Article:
If you’re wanting to do volunteer AAI work you should read Ann Howie’s Teaming With Your Therapy Dog. Ann has worked as a mental-health therapist since 1987, and has often incorporated animals as her therapeutic partners. Her knowledge and experience put her at the forefront of therapy animal work. Ann was the national Director of Animal-Assisted Therapy Services at Pet Partners from 1995-2000. I consider this book THE textbook for AAI teams. Ann reminds all handlers that being conscious of what we do with our dogs helps them do their best work, and can also increase the effectiveness of our visits.
If you’re wanting your pet to be your professional partner then you’re going to want to read Risë VanFleet and Tracie Faa-Thompson’s book, Animal Assisted Play Therapy. Risë and Tracie put their combined 75 years of experience working professionally with animals and people into this prodigious book. While the focus of this book is on mental health professionals, the approach and methods covered can easily be adapted for use by allied health professionals, such as physical, occupational, speech, and recreational therapists as well as those in the educational field such as teachers and school counselors.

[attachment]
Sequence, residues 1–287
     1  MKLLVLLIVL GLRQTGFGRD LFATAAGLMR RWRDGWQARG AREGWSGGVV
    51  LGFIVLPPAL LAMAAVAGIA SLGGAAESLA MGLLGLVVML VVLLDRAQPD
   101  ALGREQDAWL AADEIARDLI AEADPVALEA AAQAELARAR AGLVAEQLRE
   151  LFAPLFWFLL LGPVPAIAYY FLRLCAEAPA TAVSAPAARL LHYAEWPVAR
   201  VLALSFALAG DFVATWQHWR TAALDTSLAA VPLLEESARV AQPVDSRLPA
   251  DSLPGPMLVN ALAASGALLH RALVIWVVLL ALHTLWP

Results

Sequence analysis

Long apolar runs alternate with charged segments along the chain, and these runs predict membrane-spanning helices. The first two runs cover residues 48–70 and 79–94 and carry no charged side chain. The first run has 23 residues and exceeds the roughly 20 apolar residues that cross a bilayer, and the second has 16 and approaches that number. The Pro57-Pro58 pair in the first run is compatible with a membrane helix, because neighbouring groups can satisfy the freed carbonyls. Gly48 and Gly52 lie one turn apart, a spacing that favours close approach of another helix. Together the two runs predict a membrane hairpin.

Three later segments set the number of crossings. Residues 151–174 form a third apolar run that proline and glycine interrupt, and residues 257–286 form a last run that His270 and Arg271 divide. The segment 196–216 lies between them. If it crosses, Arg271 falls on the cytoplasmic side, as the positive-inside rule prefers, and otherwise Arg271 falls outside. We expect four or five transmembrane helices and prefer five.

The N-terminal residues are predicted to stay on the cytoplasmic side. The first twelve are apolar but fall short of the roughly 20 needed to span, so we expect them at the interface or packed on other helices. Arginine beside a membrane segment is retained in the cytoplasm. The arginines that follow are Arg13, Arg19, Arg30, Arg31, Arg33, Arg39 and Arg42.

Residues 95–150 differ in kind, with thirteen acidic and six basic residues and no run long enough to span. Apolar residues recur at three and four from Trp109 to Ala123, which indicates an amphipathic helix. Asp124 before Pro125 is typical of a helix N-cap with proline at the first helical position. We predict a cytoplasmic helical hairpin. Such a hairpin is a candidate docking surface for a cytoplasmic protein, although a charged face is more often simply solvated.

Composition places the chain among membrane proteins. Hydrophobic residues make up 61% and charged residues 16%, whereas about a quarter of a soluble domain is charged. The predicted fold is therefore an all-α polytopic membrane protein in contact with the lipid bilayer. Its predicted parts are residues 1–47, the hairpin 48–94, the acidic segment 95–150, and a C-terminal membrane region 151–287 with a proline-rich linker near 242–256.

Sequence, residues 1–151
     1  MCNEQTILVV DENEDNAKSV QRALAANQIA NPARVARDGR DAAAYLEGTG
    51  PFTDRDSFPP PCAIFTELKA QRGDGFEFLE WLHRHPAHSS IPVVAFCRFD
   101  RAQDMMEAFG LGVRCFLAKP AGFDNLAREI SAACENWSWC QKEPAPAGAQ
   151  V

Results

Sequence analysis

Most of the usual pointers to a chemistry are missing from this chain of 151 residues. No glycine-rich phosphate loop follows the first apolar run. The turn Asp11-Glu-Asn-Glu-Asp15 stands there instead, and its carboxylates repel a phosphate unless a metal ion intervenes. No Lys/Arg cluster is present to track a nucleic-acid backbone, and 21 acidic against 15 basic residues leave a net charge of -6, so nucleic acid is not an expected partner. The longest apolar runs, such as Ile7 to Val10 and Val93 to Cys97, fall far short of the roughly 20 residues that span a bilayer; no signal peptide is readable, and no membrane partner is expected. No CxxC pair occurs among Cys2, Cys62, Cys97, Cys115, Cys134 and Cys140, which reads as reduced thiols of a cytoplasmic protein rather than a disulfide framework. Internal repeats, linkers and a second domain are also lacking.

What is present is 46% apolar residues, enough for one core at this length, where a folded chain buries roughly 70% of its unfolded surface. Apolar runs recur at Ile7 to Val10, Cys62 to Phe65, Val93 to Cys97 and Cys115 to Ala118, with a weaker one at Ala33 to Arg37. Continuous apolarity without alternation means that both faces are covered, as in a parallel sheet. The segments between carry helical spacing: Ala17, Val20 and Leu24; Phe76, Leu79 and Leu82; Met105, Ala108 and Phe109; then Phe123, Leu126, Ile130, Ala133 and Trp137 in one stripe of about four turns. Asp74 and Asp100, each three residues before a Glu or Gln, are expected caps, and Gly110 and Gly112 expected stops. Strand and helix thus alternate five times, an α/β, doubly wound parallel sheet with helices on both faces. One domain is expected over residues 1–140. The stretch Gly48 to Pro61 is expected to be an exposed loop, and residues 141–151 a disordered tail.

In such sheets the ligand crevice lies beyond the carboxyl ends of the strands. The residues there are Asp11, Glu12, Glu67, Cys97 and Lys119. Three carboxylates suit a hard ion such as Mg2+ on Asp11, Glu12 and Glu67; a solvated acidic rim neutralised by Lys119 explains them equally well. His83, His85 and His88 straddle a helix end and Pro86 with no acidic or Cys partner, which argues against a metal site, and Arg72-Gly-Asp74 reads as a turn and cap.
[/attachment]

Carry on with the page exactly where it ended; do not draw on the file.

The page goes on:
~Robynn Harris, CCFT
Author: Ann Howie
As a therapy dog, I have the right to a handler who
-Obtains my consent to participate in the work
-Provides gentle training to help me understand what I’m supposed to do
-Is considerate of my perception of the world
-Helps me adapt to the work environment
-Guides the client, staff, and visitors to interact with me appropriately
-Focuses on me as much as the client, staff, and visitors
-Pays attention to my non-verbal cues
-Takes action to reduce my stress
-Supports me during interactions with the client
-Protects me from overwork
-Gives me ways to relax after sessions
-Provides a well-rounded life with nutritious food, medical care, physical and intellectual exercise, social time, and activities beyond work